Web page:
This supply very soon
ceased—the animals in the neighbourhood having either been consumed or
frightened away to more inaccessible places. The wretched beings, like
others in their situation, had recourse to the woods for acorns;
but the time of the year had passed, and no nuts were to be found.
Weakness preyed on their limbs; and several of their number, unable longer
to go in search of food, which was nowhere to be found, lay on the floor
of the cavern in the agonies of a hunger which their stronger companions,
concerned for their own fate, would not alleviate. All ties between the
members of the association began to give way before the despair of
absolute famine. They ceased all personal communication; silence, feeding
on the morbid forms of misery called up by diseased imaginations, reigned
throughout the society of skeletons, and hollow eyes, which spoke
unutterable things, glanced through the gloom of the cavern, where a
glimmering fire, on which they had, for the time, prepared the little meat
they had procured, was still kept up, by adding a few pieces of wood from
the neighbouring forest. No notice was taken of each other’s agonies, nor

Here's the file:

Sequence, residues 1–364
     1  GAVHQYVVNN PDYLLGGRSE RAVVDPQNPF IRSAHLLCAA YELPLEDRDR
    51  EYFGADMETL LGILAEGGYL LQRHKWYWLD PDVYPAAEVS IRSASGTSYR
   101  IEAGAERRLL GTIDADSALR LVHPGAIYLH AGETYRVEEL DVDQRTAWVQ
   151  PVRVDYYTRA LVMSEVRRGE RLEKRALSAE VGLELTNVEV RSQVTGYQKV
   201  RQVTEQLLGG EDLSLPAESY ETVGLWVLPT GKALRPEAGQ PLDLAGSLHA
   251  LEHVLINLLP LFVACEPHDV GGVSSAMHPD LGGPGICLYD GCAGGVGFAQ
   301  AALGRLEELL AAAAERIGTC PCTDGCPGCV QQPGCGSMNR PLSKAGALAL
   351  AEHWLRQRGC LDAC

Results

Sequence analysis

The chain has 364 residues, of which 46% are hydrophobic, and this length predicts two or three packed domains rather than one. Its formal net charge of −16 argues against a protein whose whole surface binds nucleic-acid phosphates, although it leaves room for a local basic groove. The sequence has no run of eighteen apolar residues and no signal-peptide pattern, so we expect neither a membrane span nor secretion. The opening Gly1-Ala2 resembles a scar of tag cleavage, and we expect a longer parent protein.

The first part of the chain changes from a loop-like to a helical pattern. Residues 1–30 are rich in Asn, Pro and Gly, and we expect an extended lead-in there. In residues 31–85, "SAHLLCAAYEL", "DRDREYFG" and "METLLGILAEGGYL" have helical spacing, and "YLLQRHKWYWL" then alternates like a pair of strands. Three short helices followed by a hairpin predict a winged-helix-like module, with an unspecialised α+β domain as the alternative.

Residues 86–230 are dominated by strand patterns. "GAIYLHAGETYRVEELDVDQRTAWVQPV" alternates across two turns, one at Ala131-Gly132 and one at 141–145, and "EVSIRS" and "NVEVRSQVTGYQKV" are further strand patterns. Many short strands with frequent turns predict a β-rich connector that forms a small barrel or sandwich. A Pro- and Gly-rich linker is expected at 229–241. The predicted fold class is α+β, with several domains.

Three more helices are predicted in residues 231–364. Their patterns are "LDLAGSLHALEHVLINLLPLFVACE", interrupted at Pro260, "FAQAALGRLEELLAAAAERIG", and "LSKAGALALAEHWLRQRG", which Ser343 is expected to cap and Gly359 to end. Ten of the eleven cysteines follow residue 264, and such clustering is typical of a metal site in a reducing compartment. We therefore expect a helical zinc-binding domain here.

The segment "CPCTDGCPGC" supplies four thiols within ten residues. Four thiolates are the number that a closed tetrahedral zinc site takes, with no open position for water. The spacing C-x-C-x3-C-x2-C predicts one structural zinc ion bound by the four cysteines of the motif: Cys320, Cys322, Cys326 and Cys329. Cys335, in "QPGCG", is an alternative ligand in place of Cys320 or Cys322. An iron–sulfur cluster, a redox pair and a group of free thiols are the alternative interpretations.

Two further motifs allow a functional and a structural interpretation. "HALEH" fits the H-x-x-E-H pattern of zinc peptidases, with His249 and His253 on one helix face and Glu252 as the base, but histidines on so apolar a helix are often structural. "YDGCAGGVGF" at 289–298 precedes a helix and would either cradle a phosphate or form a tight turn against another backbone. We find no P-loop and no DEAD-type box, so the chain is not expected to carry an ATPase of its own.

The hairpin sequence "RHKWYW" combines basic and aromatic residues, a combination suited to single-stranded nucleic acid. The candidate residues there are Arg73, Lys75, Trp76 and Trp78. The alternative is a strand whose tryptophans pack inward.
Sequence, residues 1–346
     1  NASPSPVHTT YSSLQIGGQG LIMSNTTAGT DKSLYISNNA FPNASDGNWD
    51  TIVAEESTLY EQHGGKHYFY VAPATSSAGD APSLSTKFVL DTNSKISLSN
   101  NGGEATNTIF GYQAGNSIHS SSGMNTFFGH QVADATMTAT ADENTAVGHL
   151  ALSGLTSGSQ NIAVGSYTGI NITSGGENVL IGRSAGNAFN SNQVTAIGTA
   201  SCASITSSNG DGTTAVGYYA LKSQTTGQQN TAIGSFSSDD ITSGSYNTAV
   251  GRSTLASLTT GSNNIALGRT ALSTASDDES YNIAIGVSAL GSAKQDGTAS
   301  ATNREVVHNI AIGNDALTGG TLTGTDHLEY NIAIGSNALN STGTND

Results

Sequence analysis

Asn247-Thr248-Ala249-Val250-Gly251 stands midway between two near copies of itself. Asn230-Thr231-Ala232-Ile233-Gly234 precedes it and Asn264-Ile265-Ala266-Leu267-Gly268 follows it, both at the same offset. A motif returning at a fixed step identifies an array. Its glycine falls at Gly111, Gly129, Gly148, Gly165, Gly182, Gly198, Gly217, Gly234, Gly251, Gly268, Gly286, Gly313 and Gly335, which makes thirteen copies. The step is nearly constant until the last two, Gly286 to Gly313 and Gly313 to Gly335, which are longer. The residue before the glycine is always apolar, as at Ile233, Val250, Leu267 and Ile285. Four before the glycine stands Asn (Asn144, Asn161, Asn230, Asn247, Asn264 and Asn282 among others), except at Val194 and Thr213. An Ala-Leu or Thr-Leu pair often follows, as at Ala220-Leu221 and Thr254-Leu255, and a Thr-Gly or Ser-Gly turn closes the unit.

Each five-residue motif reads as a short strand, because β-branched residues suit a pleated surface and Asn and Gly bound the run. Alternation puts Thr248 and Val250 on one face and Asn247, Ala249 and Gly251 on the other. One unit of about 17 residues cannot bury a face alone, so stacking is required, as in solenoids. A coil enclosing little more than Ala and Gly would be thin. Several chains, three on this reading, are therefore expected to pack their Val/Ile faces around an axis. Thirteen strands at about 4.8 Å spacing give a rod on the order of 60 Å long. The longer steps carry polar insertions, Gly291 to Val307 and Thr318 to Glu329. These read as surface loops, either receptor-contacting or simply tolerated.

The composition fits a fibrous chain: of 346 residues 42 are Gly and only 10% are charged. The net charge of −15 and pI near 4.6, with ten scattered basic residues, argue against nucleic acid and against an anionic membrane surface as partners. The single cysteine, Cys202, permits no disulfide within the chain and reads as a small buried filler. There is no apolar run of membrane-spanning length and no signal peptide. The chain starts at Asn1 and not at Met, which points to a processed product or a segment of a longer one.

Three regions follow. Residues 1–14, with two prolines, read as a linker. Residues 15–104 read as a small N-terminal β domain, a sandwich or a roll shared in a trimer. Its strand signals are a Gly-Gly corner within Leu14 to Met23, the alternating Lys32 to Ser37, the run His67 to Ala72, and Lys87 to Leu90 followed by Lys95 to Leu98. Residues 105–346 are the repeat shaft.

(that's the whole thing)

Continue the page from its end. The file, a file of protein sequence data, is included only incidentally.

could the groans which mixed and sounded with a hollow noise through the
dark recess, have been distinguished by the ear of sympathy; an occasional
scream from a female sufferer who experienced a paroxysm of more than her
ordinary agony, was only capable of fixing the attention for an instant,
till individual pain laid hold again of the tortured feelings.
A person of the name of
Andrew Christie, a butcher, originally from Perth, had endeavoured, at
first, to organize the society, with a view to save himself and his fellow
sufferers. He was a strong, hardy man; and, if any of the number could be
said to retain a small portion of self-command in the midst of the
horrible scene of suffering which surrounded them, it was this man. He was
still able to walk, though with difficulty, and continued to feed the
fire, going out occasionally, and seizing on grubs that were to be found
about the mouth of the cavern. The others were unable to follow his
example, and even he latterly was unfitted for his loathsome search. All